99. “The Ring” (Gore Verbinski, 2002)
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Gore Verbinski’s supernatural tale is a remake of the 1998 Japanese horror film “Ringu,” based on the novel of the same name by Koji Suzuki. A journalist investigates the legend of a videotape comprised of disturbing, mystifying images which when watched, leads to a phone call foretelling the viewer’s death in seven days. Led by an impassioned performance from Naomi Watts, this enigmatic ghost story is heavy on atmosphere — thanks in part to it’s gloomy, isolated Seattle setting — and offers up some genuine scares. Dark, unsettling, and deliberately paced, several thrilling twists that gradually reveal the film’s mystifying plot will hold the audience’s attention. The first American “J-Horror” remake, fans of the original should find this remake nearly as compelling. It spawned 3 sequels and paved the way for more American remakes of Japanese horror films, including “The Grudge.” -TO
98. “The Changeling” (Peter Medak, 1980)
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From “The Uninvited” to “The Innocents,” horror loves a good ghost story, and 1980’s “The Changeling” remains one of the genre’s very best. After the tragic death of his family, a composer moves into an historic mansion in Seattle, but the idyllic home also harbors the spirit of a distressed child, one who was hidden away in the home before being killed, and who is ready to seek revenge on the family who erased him from their past. “The Changeling” also packs on plenty of scares, especially the film’s unsettling séance scene, which undoubtedly inspired 2001’s “The Others.” Although “The Changeling” isn’t as well known as some of horror’s other ghost stories, it’s a favorite of both Martin Scorsese and Steven Spielberg, who is rumored to have screened it during the production of “Poltergeist.” Featuring a powerhouse performance by George C. Scott and well as a compelling mystery at its core, “The Changeling” is an understated horror gem worth discovering. -JR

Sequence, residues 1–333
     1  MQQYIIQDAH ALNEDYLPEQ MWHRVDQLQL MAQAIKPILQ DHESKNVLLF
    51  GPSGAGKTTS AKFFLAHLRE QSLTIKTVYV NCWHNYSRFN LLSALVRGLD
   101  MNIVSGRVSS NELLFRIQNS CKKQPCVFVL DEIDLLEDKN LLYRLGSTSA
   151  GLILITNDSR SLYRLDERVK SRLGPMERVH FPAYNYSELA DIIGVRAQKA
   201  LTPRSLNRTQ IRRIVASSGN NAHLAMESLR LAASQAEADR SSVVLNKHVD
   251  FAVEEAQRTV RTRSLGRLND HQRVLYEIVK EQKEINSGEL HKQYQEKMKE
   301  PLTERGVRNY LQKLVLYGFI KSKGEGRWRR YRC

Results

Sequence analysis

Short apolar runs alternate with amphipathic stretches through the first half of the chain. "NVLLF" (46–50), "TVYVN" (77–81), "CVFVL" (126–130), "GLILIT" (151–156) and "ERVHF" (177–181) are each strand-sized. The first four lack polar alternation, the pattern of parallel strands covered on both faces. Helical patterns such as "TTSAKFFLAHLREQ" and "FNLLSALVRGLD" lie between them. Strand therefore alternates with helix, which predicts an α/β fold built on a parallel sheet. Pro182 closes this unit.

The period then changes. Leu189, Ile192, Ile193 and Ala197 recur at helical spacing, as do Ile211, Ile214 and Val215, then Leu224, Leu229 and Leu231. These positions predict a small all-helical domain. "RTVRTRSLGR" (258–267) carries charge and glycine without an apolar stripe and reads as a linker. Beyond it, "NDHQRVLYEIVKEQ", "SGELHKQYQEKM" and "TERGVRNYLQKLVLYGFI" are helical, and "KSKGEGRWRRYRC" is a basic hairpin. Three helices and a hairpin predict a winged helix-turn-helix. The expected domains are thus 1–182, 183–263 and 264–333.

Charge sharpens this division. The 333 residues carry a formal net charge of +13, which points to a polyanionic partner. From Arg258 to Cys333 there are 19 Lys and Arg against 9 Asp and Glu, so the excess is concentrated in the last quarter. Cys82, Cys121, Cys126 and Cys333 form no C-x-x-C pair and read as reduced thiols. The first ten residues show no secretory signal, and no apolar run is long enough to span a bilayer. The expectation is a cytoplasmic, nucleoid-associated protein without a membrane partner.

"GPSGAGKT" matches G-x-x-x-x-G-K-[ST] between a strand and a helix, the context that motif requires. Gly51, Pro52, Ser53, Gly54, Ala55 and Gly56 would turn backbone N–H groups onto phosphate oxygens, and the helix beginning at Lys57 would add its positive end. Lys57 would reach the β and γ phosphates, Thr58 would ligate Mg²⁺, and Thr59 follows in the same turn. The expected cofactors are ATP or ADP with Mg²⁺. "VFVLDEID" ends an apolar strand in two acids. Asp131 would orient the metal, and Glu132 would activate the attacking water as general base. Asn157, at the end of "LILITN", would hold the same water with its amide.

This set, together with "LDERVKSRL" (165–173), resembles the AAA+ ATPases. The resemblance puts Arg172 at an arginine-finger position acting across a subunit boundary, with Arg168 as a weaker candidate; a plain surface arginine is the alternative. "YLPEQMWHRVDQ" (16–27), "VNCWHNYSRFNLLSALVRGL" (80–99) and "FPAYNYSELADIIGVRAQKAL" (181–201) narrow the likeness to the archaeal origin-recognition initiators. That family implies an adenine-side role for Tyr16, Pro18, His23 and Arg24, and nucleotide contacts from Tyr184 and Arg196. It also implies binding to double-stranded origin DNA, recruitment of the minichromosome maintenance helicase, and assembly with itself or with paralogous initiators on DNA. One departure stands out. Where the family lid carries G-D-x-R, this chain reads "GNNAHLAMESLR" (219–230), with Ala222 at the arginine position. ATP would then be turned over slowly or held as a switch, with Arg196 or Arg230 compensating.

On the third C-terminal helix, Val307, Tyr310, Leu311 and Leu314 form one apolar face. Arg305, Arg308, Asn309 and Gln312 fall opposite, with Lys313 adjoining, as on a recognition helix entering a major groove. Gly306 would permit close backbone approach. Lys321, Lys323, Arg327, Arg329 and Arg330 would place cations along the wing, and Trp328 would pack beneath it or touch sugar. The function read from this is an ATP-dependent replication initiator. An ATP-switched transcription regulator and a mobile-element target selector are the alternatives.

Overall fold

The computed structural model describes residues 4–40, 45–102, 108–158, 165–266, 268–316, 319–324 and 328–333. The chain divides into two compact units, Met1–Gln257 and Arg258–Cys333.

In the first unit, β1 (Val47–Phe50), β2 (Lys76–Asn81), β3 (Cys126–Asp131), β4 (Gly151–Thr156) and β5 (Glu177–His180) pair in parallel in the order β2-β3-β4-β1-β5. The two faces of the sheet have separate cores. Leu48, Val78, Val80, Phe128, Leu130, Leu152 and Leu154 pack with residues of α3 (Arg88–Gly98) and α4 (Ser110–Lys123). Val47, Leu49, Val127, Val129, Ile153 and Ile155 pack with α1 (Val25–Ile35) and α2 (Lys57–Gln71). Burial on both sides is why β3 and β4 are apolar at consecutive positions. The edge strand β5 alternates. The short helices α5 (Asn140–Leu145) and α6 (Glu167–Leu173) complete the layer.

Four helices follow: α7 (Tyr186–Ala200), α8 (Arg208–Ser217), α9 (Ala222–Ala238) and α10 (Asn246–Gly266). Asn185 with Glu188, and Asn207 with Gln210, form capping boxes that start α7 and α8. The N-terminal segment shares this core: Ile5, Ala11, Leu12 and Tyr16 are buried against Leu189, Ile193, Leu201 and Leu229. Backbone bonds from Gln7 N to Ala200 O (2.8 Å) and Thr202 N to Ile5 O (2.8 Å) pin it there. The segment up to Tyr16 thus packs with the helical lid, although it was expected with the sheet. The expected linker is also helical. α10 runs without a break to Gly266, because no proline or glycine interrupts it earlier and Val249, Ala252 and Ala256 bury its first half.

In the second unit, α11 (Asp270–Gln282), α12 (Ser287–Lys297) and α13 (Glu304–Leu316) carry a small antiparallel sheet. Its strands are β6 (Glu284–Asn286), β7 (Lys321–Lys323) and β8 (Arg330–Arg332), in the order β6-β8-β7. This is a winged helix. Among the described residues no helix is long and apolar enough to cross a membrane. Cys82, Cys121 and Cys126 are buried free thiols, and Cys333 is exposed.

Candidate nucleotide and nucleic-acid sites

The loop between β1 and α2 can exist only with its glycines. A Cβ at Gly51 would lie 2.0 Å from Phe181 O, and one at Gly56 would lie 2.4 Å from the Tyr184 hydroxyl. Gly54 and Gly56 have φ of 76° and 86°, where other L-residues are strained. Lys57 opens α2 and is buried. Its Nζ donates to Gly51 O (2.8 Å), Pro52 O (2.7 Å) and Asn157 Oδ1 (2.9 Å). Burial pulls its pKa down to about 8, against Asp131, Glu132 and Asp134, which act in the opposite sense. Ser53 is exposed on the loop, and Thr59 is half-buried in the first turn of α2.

97. “Alucarda” (Juan López Moctezuma, 1977)
Alucarda has lived at a convent her whole life, but her world changes with the arrival of Justine, another young orphan. The two girls become inseparable, with their friendship often bordering on a sexual relationship. While out in the woods, they come across a strange burial ground and accidentally unleash a demonic force, which soon possesses them and threatens to tear apart the entire convent and everyone in it. Much like Ken Russell’s “The Devils,” “Alucarda” is rife with sexual ecstasy in a religious setting, where iconography turns sacrilegious. The young girls pledge their bodies both to each other and to the devil, shown in his most beastly form, with cloven hooves and curled horns, a furry nightmare that undoubtedly served as the inspiration for some of Guillermo del Toro’s most fantastic monsters. As the coven gathers to pray, the girls, now fully possessed, cannot stand anything holy, and the entire chapel descends into chaos, making for an unforgettable finale. “Alucarda” might not be as well known as “The Exorcist,” but it’s a possession film unlike any other, one that doesn’t fall back on the genre’s tired tropes, allowing it to truly shock. -JR